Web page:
Abstract EP3521241B1: “Direct thermal decomposition of hydrocarbons into solid carbon and hydrogen is performed by a process and a device. The process comprises preheating a hydrocarbon gas stream to a temperature between 500°C. and 700°C. and injecting the pre-heated hydrocarbon gas stream into the reactor pool of a liquid metal reactor containing a liquid media; forming a multi-phase flow with a hydrocarbon gas comprising hydrogen and solid carbon at a temperature between 900°C. and 1200°C.; forming a carbon layer on the free surface of the liquid media made up of solid carbon particles which are then displaced into at least one carbon extraction system and at least one recipient for collecting them; and, at the same time, the gas comprising hydrogen leaves the reactor pool through a porous rigid section, being collected at a gas outlet collector from where the gas comprising hydrogen finally leaves the liquid metal reactor”.

A different approach to thermal decomposition is being implemented by BASF [3] as part of a project funded by The Federal Ministry of Education and Research (BMBF). The new pilot moving bed reactor for methane pyrolysis in Ludwigshafen allows a transition from the laboratory research phase to the development of an industrial technology. The chosen reactor configuration ensures effective heat transfer between the components and high process efficiency. BASF plans to build a commercial large-scale plant by 2030. The essence of the technology is described in a series of patents and patent applications, where the applicants are mainly BASF SE and Linde GmbH, for example WO2013004398A3, EP2729404B1, US9359200B2, RU2608398C2, JP6088502B2, CA2841057C.
The patent documents state that “…invention can be used in hydrogen power engineering and steel industry. Method includes placing in reaction space carbon-rich granules with particle size of 0.1–100 mm, containing at least 80 wt% of carbon, feeding hydrocarbons and subjecting them to thermal decomposition into carbon and hydrogen. Thermal energy required for decomposition of hydrocarbons is produced outside reaction space, followed by feeding heated gaseous heat carrier – hydrogen or nitrogen. Carbon-rich granules used are coke fines, low-quality coke from coke and by-product process based on brown or hard coal and/or coke obtained from biomass and passing it through reaction space continuously in form of movable or fluidised bed. Part of carbon-containing granulate removed from reaction space is returned into reaction space. EFFECT: invention enables to produce simultaneously carbon and hydrogen of high purity on an industrial scale”.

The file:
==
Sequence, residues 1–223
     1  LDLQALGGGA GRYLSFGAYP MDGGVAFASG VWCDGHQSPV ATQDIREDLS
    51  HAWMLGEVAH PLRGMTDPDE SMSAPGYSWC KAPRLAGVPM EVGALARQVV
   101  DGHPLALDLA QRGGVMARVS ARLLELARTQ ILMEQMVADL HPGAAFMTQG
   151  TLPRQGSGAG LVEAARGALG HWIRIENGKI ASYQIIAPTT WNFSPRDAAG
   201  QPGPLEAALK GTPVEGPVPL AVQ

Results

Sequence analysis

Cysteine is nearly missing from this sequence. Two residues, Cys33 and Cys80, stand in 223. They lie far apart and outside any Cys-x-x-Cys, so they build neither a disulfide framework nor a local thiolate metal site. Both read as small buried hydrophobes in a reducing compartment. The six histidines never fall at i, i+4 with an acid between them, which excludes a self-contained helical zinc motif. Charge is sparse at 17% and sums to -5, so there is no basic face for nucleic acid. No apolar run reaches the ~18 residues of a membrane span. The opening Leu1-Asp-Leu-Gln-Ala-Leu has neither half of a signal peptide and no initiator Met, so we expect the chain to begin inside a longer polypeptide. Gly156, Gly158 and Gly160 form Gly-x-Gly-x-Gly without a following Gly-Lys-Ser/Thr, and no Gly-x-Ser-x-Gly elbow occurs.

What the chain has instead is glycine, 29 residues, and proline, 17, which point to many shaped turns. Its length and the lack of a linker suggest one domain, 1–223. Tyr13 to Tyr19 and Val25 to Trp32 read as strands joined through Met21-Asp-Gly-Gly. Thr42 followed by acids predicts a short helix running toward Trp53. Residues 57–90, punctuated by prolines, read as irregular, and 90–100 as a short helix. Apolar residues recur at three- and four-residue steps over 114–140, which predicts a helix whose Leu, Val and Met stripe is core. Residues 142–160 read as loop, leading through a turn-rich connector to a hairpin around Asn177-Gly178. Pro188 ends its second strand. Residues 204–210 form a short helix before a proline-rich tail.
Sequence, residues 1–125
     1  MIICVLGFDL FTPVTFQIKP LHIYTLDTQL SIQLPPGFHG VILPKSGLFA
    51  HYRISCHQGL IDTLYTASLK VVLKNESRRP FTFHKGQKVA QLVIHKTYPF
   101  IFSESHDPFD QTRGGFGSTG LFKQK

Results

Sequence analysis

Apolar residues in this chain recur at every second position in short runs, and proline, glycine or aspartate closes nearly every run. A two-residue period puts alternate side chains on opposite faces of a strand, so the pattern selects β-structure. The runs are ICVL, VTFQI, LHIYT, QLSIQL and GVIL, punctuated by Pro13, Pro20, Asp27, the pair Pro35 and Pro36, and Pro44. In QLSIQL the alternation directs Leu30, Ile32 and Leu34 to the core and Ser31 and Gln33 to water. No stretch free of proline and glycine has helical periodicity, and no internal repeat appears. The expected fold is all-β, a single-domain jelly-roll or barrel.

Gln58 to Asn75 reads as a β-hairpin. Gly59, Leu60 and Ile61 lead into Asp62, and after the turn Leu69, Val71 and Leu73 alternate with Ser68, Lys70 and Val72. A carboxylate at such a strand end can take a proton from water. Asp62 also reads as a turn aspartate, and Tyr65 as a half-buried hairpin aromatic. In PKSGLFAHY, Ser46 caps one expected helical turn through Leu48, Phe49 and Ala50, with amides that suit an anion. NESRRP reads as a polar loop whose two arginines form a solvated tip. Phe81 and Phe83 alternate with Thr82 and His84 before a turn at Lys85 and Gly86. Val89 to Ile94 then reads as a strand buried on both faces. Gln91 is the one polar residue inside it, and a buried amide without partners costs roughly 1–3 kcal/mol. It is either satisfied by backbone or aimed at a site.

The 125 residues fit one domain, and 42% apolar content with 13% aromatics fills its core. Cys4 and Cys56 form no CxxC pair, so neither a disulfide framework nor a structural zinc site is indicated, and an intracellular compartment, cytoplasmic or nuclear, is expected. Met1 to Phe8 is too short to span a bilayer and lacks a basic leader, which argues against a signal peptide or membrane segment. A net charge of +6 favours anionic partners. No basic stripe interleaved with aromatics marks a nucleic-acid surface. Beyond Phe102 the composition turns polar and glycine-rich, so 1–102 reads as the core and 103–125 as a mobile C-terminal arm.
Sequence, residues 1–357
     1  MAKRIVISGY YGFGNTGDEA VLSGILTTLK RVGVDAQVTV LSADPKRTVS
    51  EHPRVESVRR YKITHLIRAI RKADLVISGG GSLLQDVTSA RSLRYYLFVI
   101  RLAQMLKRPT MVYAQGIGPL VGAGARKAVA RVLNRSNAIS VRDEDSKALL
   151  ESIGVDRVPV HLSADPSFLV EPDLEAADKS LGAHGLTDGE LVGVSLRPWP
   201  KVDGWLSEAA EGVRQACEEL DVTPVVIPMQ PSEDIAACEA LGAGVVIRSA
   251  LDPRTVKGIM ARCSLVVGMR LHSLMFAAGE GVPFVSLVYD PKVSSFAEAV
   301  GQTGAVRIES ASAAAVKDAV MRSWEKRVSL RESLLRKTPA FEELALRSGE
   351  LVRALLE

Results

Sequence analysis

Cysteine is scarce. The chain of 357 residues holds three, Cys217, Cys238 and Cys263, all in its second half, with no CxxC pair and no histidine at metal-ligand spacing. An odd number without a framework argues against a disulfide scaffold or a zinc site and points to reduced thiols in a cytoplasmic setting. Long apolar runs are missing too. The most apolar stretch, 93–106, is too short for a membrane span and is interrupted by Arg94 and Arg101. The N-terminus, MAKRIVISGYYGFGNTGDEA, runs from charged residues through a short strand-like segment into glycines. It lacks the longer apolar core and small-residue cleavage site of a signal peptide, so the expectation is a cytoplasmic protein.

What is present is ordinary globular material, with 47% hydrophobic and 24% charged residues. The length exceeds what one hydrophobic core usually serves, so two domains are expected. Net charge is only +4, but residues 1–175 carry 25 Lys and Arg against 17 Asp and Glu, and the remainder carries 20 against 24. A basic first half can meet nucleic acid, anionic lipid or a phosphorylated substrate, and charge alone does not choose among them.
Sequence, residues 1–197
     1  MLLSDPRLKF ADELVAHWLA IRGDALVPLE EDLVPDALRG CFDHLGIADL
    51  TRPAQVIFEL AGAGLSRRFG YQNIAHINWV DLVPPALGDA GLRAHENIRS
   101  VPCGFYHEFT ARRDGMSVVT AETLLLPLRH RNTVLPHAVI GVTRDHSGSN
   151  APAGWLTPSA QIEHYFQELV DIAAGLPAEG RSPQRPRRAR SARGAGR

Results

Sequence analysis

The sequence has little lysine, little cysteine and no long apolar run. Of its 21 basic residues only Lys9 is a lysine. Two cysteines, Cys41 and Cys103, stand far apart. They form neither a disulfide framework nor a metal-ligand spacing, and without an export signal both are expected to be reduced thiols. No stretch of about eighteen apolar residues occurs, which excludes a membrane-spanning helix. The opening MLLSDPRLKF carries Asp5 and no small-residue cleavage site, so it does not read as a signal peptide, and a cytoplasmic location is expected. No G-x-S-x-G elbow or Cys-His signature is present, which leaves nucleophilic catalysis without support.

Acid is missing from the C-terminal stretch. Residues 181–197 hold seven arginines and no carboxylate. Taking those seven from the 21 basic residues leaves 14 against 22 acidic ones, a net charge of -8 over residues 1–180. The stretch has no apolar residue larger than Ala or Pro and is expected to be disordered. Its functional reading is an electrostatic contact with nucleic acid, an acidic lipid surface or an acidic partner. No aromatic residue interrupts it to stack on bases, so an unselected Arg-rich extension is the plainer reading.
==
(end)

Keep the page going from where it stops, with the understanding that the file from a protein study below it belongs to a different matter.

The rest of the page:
feed 1, gas comprising hydrocarbons 2, gas mixture 3, hydrogen fraction 4, hot gas 5, pellets 6, remaining residue 8, residual stream 9, remainder 10, oxidizing agent 11.  Moving bed with carbon-rich pellets W, reaction space R, heat exchanger WT

Image from US9359200B2

As mentioned above, according to the developers, when changing the capacity of H2 production plants from 10 to 100 m3/h, the reduction in the cost of hydrogen will be more than 50%. The aim of the latest research, besides the scaling of the production, is the use of granulated coal obtained in the pyrolysis process, the use of renewable electricity for heating, and methods of hydrogen extraction and storage. The high process temperature of up to 14000С calls for a certain caution in evaluating this technology.
Recently, much attention has been paid to the development of the Canadian company Ekona Power Inc., which proposed the method of pulsed methane pyrolysis (PMP). According to the company, the application of pulse-combustion and high-speed gas dynamics to dissociate feedstock methane provides highly efficient decomposition of methane into hydrogen and solid carbon. In addition, it contributes to the automatic removal of carbon-buildup due to unsteady flow. The process is scalable, inexpensive, and can be easily deployed in an area where there is a gas infrastructure. An indirect confirmation of the viability of this technology is the acquiring of a 20% stake in Ekona by one of the largest U.S. service companies, Baker Hughes in November 2021. According to the participants, these investments will accelerate the scaling and commercialization of the project.